When Cuomo worked out a labor agreement to avoid a Long Island Rail Road strike earlier this year, he hosted a press conference where smiles were in abundance but details about how much the deal would cost were not. Months later, it was revealed that new labor deals would cost the MTA at least $1.28 billion through 2017, paid for by cuts to retiree fund contributions and the authority’s own capital budget. Absent from the new labor agreements: Work rule reforms to ensure that, in addition to compensating employees well, operating funds are spent efficiently.

All the while, costs and delays continue to spiral upwards on the authority’s big-ticket projects, leading MTA Chairman and CEO Tom Prendergast to admit that large-scale capital construction might not be one of the authority’s “core competencies.”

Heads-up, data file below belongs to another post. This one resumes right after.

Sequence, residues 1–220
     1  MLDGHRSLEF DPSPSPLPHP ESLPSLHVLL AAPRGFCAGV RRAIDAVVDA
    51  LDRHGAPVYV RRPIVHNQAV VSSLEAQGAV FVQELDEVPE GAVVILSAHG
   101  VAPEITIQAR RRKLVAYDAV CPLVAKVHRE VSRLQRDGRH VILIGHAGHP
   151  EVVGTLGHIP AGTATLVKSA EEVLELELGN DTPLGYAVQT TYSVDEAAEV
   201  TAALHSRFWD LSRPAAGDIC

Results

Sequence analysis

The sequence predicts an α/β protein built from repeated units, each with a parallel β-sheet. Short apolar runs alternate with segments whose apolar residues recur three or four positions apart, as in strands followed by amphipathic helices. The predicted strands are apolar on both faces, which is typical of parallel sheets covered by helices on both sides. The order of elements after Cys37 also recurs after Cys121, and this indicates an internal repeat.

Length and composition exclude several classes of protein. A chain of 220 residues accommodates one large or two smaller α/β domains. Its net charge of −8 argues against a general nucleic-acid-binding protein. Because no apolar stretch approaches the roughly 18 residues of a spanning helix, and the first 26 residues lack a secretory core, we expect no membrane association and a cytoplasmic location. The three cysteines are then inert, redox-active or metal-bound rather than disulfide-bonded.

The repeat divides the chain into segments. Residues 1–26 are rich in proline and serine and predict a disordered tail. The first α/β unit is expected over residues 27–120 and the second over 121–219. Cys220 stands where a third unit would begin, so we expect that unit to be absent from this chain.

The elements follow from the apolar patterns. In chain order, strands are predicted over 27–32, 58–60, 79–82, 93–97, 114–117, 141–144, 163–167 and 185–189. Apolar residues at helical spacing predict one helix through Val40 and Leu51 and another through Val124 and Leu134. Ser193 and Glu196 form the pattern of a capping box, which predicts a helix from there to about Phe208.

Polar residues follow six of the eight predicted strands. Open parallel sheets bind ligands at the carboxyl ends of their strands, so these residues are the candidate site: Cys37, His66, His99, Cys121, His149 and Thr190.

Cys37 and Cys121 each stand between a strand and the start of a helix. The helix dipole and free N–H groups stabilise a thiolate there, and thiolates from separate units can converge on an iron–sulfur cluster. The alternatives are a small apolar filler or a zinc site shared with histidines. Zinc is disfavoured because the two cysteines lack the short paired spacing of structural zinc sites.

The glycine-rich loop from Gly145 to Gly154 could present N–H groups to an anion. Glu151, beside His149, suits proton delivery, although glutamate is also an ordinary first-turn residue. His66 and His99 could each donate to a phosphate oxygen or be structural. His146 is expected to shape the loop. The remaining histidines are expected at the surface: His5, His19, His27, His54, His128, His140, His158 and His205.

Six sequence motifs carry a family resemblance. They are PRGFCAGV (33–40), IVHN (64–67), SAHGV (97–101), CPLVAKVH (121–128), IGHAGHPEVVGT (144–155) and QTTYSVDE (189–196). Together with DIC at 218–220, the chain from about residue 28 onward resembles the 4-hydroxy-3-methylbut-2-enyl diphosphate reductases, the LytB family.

Why does it takes so much time and so much money for the MTA to do things compared to its peer systems? The report acknowledged these problems but failed to offer much in the way of critical analysis or specific solutions, similar to how it failed to zero in on road pricing as an ideal revenue stream that can both lower the agency’s debt load and dramatically improve systemwide bus performance. (For some more food for thought about what’s missing from the report, read Alon Levy’s post at Pedestrian Observations.)

Don’t blame the commission for these shortcomings though. Blame Andrew Cuomo. He created the commission, so it’s no coincidence that it produced a document that skirts the most politically sensitive issues. The report is another sign that Cuomo’s interest in transit doesn’t extend deeper than press releases and photo-ops. The governor has no intention of confronting contractors, unions, or motorists to make a transit system that works better for all New Yorkers.